I was watching A Bit of Fry and Laurie the other night, and as much as I enjoy it, it strikes me as the kind of show that could only be make in England, and is only accessible to a certain kind of audience. The range of jokes in a single episode, from faked and exceedingly funny cultural criticism, to satire of pretentious businessmen, to dead-on knock-offs of Australian soap operas, requires a broad and particular kind of cultural literacy.
Obviously, cultural literacy in the E.D. Hirsch Jr. sense is not unproblematic. Attempts to draw up a clear catalogue of what all Americans, or all educated people, or whatever dividing line one chooses to set, ought to know will inevitably exclude some set of knowledge, will inevitably result in some sort of difficult and tippy balance. Do we include comprehensive knowledge of hip-hop but leave out Native American traditions? Do we include English history and leave out pre-Colonial Africa? There’s no way to create a canon that includes deep knowledge of a fairly broad range of subjects without leaving anything critical out.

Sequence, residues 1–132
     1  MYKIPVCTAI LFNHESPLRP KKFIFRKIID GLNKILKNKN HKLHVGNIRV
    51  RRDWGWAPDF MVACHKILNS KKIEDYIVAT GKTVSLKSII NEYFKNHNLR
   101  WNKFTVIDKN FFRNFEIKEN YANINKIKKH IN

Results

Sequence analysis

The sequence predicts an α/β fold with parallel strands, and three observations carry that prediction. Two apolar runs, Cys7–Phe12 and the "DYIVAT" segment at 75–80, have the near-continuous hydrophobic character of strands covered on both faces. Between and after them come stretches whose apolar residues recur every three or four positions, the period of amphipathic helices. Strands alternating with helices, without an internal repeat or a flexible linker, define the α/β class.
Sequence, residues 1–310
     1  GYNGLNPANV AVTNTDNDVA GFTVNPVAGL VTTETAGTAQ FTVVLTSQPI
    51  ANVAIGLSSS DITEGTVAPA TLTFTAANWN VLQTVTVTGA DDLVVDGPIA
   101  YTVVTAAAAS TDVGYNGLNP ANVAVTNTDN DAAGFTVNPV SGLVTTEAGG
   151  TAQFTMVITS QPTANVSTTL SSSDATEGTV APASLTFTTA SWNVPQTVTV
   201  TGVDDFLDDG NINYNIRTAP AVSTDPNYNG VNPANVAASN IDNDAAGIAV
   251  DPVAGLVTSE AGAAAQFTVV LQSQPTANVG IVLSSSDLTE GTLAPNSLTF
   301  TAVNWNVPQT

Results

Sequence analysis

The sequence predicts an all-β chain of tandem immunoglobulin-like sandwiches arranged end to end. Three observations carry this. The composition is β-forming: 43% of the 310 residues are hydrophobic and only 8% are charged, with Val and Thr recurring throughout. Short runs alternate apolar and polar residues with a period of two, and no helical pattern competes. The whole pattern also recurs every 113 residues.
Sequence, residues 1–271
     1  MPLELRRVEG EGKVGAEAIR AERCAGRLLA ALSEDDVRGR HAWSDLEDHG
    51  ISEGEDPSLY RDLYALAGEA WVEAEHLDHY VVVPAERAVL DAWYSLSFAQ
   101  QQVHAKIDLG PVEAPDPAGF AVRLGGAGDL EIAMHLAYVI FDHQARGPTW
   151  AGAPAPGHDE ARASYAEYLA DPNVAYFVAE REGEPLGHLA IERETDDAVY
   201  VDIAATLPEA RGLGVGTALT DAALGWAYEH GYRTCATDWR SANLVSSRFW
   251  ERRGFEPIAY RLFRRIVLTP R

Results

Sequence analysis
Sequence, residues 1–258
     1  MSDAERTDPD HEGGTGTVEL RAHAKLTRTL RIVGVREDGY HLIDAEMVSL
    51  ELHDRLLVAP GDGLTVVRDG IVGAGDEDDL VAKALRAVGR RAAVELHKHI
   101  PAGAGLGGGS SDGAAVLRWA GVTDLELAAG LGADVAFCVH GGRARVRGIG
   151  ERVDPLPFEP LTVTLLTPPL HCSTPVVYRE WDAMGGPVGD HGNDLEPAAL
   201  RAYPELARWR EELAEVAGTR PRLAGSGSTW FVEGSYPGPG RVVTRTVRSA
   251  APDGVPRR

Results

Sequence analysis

And yet, having some knowledge in common is such a gift to comedians. If you can assume your audience knows certain things reasonably well, you can use that knowledge, build on it, rely upon it, riff on it. The comedy of inference is available to you, and not simply the inference of family dynamics or behavior, but the inferences based on culture, history, custom. A show like Community does extremely well within the realm of popular culture, but I can’t really imagine an American show that’s as broad and rich as British sketch comedies like Fry and Laurie seem to be.